Summer Music: DJ Artistic Is A Pillar In San Diego Hip-Hop Scene
The KPBS Summer Music Series continues with DJ Artistic, considered an architect of local hip-hop scene who curates and produces events, makes space for emerging artists and is a four-time SDMA winner
In a new installment of our KPBS Summer Music series, renowned DJ, event curator and music producer, DJ Artistic has earned a reputation as a community builder and architect of the San Diego hip-hop scene, who for over two decades has curated events that helped countless artists grow and shine.
DJ Artistic's contributions to San Diego music are immeasurable. DJ Artistic, whose real name is Arthur Mitchell III, is a four-time San Diego Music Award winner, including for best DJ. He is also an artist and producer in his own right, and has toured with underground hip-hop legend Abstract Rude and San Diego all-star hip-hop group Deep Rooted, and alongside legendary acts like Souls of Mischief and Public Enemy.
"It was something that I always wanted to do as a kid and dreamed about," Mitchell said of his early passion for DJing. "I think my earliest influence might've been Jazzy Jeff and the Fresh Prince, 'He's The DJ, I'm The Rapper.' Listening to that album and hearing Jazzy Jeff live at Union Square, like cutting up the records and not knowing how he was doing that. But the sound just captivated me."
Mitchell also said that he was surrounded by the hip-hop scene, through dance and street art, which was formative for him in his youth.
"Having cousins that were b-boys and b-girls break dancing or doing can-art or graffiti — and I wasn't a good dancer, or a good artist, or a good singer, so DJ was the next thing that I kind of gravitated towards," Mitchell said.
Mitchell worked with rapper Abstract Rude as his DJ, and produced some tracks for him, including "213 to 619 Adjacent," where 213 is the Los Angeles area code, and 619 San Diego.
"That was a really great time," Mitchell said. "We were inspired by a lot of things that were going on in L.A. from the underground, as well as inspired by a lot of the things that were happening and things that we were doing here in our San Diego underground."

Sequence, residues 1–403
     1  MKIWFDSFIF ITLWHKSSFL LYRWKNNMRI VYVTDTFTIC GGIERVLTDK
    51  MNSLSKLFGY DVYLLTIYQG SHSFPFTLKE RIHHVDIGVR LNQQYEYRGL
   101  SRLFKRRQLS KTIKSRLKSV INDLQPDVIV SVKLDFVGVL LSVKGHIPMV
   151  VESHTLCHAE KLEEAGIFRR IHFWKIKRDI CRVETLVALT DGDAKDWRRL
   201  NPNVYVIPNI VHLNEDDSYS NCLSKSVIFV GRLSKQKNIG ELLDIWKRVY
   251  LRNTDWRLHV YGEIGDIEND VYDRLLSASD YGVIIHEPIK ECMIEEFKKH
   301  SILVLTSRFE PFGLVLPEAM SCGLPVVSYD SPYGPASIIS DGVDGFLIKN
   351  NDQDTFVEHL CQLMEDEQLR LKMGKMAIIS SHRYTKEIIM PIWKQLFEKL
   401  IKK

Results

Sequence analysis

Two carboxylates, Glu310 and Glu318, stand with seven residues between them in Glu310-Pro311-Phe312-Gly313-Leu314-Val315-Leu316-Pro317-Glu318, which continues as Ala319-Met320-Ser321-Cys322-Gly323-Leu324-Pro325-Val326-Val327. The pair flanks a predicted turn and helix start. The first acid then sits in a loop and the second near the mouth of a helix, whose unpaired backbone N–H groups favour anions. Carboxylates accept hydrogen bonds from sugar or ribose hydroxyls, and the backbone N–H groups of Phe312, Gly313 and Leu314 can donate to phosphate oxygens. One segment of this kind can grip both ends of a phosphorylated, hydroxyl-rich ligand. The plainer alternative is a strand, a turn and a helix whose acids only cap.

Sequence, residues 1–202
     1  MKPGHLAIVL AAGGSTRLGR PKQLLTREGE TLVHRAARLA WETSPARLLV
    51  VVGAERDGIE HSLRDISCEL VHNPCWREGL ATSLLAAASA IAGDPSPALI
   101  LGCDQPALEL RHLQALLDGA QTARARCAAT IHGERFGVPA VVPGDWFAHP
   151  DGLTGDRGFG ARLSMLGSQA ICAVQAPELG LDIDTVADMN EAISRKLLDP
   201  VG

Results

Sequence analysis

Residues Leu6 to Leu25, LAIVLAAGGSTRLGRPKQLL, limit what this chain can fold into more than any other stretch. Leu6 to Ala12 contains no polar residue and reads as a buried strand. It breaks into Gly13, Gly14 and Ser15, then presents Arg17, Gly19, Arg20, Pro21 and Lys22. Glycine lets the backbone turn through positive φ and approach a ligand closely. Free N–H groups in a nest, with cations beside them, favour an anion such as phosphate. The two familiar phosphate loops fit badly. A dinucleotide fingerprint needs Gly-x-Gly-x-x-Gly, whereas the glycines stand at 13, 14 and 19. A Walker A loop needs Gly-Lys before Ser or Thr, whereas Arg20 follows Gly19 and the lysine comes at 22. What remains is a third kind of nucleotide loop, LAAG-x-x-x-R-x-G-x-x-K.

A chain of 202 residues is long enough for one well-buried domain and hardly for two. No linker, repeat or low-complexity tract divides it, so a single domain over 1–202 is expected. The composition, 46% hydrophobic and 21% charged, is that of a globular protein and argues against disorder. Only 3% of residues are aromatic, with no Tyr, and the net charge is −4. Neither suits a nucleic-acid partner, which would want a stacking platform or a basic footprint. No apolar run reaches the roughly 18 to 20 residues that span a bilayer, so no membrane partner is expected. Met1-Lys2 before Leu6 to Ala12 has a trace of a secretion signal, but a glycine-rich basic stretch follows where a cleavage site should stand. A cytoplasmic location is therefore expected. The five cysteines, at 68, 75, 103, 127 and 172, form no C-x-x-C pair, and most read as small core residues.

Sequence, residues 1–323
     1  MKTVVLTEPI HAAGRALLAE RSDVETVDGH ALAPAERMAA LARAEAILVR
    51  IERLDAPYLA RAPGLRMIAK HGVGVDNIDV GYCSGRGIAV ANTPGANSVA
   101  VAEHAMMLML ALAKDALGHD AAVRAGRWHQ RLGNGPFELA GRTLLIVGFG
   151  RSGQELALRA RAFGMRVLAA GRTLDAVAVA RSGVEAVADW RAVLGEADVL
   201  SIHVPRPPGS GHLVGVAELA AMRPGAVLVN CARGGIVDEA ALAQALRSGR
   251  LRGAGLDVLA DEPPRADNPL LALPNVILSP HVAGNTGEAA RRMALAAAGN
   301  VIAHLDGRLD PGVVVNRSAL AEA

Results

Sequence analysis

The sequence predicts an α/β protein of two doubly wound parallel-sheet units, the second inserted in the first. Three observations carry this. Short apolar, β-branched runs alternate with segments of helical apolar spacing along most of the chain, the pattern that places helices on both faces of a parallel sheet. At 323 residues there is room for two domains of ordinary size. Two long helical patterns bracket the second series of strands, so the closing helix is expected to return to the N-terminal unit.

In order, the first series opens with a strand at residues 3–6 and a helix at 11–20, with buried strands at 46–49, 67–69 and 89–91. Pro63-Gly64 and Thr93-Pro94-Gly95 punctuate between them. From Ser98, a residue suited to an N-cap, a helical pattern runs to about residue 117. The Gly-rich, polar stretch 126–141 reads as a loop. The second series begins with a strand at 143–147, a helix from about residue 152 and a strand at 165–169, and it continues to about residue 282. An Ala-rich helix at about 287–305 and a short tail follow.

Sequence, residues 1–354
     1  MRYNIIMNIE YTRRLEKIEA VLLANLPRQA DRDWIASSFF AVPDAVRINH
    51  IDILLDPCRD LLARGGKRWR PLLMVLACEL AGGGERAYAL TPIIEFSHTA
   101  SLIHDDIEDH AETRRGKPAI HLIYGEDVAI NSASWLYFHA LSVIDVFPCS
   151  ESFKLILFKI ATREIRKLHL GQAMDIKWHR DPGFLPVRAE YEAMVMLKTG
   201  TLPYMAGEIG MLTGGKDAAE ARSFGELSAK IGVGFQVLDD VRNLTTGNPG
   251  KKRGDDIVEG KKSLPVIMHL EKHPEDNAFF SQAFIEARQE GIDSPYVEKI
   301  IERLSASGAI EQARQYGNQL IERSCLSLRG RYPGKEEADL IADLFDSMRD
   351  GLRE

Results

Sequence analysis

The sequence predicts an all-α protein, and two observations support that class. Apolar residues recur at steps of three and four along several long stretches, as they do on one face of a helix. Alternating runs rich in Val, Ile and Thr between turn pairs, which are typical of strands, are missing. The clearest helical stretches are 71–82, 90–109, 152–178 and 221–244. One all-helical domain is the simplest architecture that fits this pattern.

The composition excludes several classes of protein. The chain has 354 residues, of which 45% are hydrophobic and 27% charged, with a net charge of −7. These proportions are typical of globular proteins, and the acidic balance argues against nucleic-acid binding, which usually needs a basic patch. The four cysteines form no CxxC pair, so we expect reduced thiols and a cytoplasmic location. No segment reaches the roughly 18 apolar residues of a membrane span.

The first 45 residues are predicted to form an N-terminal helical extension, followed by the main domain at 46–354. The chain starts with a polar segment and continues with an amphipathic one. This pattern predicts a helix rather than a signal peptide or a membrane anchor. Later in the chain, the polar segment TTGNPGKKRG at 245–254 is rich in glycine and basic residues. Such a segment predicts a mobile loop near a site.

It's an homage to the links in the region's hip-hop cultures, and to the two artists' long-running connection.
"So the soul culture was connected through the freeway, through the zip codes, and from having him as a friend in high school and actually going to middle school with his cousins, and then meeting him later on and finding out he's this amazing writer and artist."
When Mitchell finally connected with Abstract Rude in high school, Mitchell had been sampling some of Rude's music. Rude loved it, then they recorded a track together for a compilation.
"It was like a dream come true. It just kind of happened out of nowhere," Mitchell said.
Mitchell also used to be part of the San Diego all-star hip-hop group Deep Rooted — winner of several San Diego Music Awards.
Mitchell joined the group after putting on hip-hop events for several years.
"After they formed the group Deep Rooted, they pretty much came to me and said, 'hey, Art, we want you to get down with us and be our DJ,'" Mitchell said. "And that's how it formed, from relationships of just doing hip-hop from all the years, and us having the same common goal, pretty much having the same music influences, and wanted to contribute to the culture with all the passion that each one of us possesses."